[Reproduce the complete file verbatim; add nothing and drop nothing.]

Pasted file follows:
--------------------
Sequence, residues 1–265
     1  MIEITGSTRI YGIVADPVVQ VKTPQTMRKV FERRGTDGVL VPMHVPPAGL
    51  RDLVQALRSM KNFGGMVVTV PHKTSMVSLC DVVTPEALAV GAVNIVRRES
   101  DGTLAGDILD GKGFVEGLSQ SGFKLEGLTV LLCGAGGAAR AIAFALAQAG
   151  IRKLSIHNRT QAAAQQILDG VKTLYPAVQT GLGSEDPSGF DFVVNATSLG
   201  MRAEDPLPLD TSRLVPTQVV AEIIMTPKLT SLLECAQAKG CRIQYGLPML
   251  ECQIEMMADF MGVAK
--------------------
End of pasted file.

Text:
Sequence, residues 1–265
     1  MIEITGSTRI YGIVADPVVQ VKTPQTMRKV FERRGTDGVL VPMHVPPAGL
    51  RDLVQALRSM KNFGGMVVTV PHKTSMVSLC DVVTPEALAV GAVNIVRRES
   101  DGTLAGDILD GKGFVEGLSQ SGFKLEGLTV LLCGAGGAAR AIAFALAQAG
   151  IRKLSIHNRT QAAAQQILDG VKTLYPAVQT GLGSEDPSGF DFVVNATSLG
   201  MRAEDPLPLD TSRLVPTQVV AEIIMTPKLT SLLECAQAKG CRIQYGLPML
   251  ECQIEMMADF MGVAK